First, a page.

By Wilfred Major
This paper studies how changes in broad political context permeated two recent adaptations of Aristophanes plays staged at the same institution but separated by a decade in time and tumultuous changes in the New Orleans community in which the performances were embedded. The analysis yields an important example of how national and even global trends can be enmeshed in extremely localized changes in a community, resulting in two similarly engaged but markedly contrasting adaptations of ancient Athenian comedy.
By Michele Valerie Ronnick
In the fall of 1962 “Do Something Addy Man,” a musical by author Jack Russell, Trinidadian composer George Browne and black choreographer Harold Holness, opened at London’s Theatre Royal Stratford East. The musical marked the return of director Herbert Marshall (1906-1991) to the British stage after ten years spent in India. Marshall who was Sergei Eisenstein’s first English student, had co-founded the Unity Theater in 1931, which grew out of the street theatre performances by the Workers Theatre Movement.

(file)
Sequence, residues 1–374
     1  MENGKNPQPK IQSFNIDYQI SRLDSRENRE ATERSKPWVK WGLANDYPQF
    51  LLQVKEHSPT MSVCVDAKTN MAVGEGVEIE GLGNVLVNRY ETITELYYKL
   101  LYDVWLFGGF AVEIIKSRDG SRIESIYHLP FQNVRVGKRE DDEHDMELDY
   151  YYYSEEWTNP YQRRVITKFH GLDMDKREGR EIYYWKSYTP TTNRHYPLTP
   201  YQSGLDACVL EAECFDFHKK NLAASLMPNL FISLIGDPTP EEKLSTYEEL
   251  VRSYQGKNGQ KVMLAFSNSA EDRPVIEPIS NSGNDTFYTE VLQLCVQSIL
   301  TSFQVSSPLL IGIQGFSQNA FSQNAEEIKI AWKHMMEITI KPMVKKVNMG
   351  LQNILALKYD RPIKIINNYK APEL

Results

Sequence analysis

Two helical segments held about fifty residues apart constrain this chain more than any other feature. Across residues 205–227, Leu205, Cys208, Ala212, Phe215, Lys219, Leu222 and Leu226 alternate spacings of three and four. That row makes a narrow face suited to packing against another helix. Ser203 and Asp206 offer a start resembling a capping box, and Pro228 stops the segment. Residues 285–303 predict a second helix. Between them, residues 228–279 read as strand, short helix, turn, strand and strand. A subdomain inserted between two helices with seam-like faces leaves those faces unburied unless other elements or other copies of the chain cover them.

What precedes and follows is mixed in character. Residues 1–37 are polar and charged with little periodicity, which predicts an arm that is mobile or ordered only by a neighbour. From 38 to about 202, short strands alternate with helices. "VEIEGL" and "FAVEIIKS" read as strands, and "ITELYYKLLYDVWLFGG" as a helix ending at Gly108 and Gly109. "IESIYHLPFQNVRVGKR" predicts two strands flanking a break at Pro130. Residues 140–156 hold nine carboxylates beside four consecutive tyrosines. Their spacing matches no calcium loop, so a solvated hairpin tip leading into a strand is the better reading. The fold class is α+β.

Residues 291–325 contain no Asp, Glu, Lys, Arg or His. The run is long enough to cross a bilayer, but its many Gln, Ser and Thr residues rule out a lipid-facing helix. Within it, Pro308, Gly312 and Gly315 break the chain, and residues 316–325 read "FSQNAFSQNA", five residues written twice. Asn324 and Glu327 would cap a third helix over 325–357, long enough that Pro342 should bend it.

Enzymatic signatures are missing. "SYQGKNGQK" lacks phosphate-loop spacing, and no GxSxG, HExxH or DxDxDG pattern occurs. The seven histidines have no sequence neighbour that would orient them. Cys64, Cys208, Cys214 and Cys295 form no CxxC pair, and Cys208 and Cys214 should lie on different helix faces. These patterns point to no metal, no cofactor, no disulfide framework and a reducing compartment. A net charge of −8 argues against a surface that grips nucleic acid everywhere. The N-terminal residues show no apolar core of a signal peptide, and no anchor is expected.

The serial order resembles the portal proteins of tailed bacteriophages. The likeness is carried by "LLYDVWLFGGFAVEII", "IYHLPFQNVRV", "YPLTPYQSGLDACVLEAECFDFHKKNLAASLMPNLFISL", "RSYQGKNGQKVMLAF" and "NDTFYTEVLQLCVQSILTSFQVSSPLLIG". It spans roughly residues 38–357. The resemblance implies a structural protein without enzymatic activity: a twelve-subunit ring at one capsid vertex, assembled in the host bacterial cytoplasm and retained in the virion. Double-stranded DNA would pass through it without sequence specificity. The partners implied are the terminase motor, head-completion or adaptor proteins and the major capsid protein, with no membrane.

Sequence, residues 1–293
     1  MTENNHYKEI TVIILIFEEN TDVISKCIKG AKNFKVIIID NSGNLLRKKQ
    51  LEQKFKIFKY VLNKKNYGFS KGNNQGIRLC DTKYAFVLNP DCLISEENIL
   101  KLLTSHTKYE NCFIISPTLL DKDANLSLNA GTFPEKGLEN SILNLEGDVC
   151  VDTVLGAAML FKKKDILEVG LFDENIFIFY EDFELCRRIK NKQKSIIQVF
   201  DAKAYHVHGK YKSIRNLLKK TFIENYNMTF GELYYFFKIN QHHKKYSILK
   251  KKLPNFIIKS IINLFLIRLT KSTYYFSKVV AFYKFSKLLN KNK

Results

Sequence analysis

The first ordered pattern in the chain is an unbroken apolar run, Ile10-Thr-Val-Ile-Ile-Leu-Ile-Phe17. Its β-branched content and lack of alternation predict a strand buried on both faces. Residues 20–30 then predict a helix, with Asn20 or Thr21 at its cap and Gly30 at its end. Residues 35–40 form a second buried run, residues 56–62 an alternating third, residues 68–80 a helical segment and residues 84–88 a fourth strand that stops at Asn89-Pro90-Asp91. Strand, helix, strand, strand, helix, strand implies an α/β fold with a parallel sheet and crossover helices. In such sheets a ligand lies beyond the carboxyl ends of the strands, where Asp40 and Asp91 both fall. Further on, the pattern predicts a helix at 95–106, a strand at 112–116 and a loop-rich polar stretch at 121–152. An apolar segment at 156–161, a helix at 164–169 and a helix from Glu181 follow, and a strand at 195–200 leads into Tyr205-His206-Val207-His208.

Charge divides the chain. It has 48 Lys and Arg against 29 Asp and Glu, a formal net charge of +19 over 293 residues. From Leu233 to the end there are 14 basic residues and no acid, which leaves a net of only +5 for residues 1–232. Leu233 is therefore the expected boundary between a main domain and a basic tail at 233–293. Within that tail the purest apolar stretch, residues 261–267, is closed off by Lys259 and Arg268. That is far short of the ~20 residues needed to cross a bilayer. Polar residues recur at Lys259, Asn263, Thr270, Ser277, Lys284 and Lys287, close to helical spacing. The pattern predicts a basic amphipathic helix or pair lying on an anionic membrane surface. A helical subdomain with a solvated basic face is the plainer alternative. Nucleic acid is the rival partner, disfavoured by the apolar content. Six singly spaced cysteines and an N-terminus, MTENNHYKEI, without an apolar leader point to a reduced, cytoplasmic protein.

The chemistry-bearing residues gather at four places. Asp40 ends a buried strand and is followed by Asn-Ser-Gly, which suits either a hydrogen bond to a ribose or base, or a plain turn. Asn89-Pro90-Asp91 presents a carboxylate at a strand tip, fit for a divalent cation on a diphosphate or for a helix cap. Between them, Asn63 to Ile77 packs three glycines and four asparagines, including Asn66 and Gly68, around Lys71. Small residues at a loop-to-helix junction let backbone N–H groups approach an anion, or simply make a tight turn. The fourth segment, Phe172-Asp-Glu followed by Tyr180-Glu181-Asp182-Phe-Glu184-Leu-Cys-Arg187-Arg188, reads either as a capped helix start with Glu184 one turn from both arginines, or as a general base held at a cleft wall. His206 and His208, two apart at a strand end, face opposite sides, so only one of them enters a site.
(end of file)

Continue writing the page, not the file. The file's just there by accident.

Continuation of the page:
By Casey Dué
I propose to show how Will Power’s Seven (first produced in 2006 at the New York Theatre Workshop) reinvents the Seven Against Thebes of Aeschylus for a modern audience, using the lyrical language of hip-hop and taking its characters from the streets of Power’s youth. Seven engages the idea of the family curse of Greek myth (Cameron 1970) and uses it to explore the curse of poverty, domestic violence, addiction, and other seemingly inescapable patterns that are inherited in family systems and urban neighborhoods today.
By Rosanna Lauriola